Singin’ in the Rain tackles the story of a silent film studio struggling to make the transition from silent film to ‘talkies’. The iconic cast is lead by Gene Kelly, Donald O’Connor, and Debbie Reynolds. Kelly directs the film with Stanley Donen from a script by Betty Comden and Adolph Green.

While I had of course watched some older films before renting the 1952 musical classic, as I sat down to watch Singin’ in the Rain, I was immediately hooked. The look, the costumes, the songs, heck, even the sense of nostalgia, everything about this movie is flawless. This is a perfect movie plain and simple.

The Rocketeer (1991)

I’ve discussed my love Disney history and nostalgia before. As a child of the early 1990s, I came of age during a bit of a golden age for the studio and The Rocketeer is one of the first films I remember watching under the Disney umbrella. From that point on, I was obsessed with the glitz and glamour of the 1930s aesthetic. I wanted to be Jennifer Connelly with all her beautiful dresses.

The Rocketeer follows a young stunt pilot (Billy Campbell) who accidentally stumbles onto a jet engine– created by Howard Hughes of course! As he’s trying to duck the mobsters who also want to get their hands on the device, he crafts himself into a superhero… Much to the annoyance of his struggling actress girlfriend (Jennifer Connelly). Joe Johnston directs the film from a script by Danny Bilson and Paul De Meo.

This movie might be a bit of a blip as it relates to the cinema of the early 90s, but The Rocketeer has so much goodness for classic film fans. There’s Hollywood glamour, stunning period set design, and even a fun story. Heck, there’s even lots of name-dropping! Check this one out if it slipped under your radar.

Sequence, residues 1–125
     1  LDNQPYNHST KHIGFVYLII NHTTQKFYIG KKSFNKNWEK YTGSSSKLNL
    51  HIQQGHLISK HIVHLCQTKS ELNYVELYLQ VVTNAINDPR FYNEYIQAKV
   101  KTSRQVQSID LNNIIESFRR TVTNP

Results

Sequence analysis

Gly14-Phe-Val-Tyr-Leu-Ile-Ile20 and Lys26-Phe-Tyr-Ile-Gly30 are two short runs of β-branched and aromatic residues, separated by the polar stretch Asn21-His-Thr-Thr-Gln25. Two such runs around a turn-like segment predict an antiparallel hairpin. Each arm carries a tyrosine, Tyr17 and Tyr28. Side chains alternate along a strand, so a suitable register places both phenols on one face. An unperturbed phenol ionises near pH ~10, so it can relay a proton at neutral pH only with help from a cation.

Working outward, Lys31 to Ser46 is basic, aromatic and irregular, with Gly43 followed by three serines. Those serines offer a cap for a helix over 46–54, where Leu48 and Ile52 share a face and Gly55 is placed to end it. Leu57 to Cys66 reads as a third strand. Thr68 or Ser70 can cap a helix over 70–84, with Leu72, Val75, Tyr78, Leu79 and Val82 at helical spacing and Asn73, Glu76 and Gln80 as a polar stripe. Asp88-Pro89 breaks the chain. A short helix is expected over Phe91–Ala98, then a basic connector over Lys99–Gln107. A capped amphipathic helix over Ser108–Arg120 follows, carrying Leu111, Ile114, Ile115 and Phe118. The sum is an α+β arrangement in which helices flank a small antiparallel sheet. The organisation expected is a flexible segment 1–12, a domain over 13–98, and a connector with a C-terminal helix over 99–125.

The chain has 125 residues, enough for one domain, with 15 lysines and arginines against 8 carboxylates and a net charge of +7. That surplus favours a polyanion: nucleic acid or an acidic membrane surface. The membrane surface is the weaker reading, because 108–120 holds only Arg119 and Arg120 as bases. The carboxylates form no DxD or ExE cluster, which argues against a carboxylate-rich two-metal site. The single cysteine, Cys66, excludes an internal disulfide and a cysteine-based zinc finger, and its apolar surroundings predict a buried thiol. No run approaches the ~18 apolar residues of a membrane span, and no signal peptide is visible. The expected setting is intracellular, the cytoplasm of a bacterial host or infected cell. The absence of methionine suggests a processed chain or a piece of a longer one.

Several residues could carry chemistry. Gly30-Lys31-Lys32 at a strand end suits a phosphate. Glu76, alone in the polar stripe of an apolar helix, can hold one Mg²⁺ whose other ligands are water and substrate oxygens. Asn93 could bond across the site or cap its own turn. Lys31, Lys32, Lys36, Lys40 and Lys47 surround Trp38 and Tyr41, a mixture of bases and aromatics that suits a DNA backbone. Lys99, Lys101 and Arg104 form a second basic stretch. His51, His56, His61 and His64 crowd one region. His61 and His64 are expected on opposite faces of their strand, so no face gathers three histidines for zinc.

Radioland Murders (1994)

Last but not least, I present one more film which received a surprising amount of vitriol at the time of its release, Radioland Murders.

Radioland Murders follows the employees of a radio station in 1930s Chicago. On the big day when the station is getting ready to go national, there’s a sudden murder spree. With the police largely stumped, a writer must step up to solve the crimes before anyone else dies. The varied cast includes Brian Benben, Mary Stuart Masterson, Ned Beatty, Michael McKean, and Stephen Tobolowsky. Mel Smith directs the film from a screenplay by Williard Huyck, Gloria Katz, Jeff Reno and Ron Osborn.

Like The Rocketeer in our last entry, this movie brings so much joy in its depiction of nostalgia and classic entertainment. Of course, there’s the delightful look of the film bringing the period setting to life. Everything is just so…. Perfect. The 1980s and 1990s made this era look so good on film.

At the same time though, there are a ton references, sure to appeal to fans of this era. There’s Spike Jones, Billy Barty, Rosemary Clooney, George Burns, and even a Rudy Vallee reference. I’d go as far as to say… This movie was too nostalgic for mainstream audiences in 1994. With that being said though, it was right up my alley. It might be up yours too!


Thank you for humoring me as I talked about the five movies which mean the most to me as a classic film fan. These pictures might not be all works of Old Hollywood goodness, but there’s a love and respect for nostalgia and classic entertainment which is alive and well in each. These are the movies which made me who I am, and I will happily shill for them each and every day.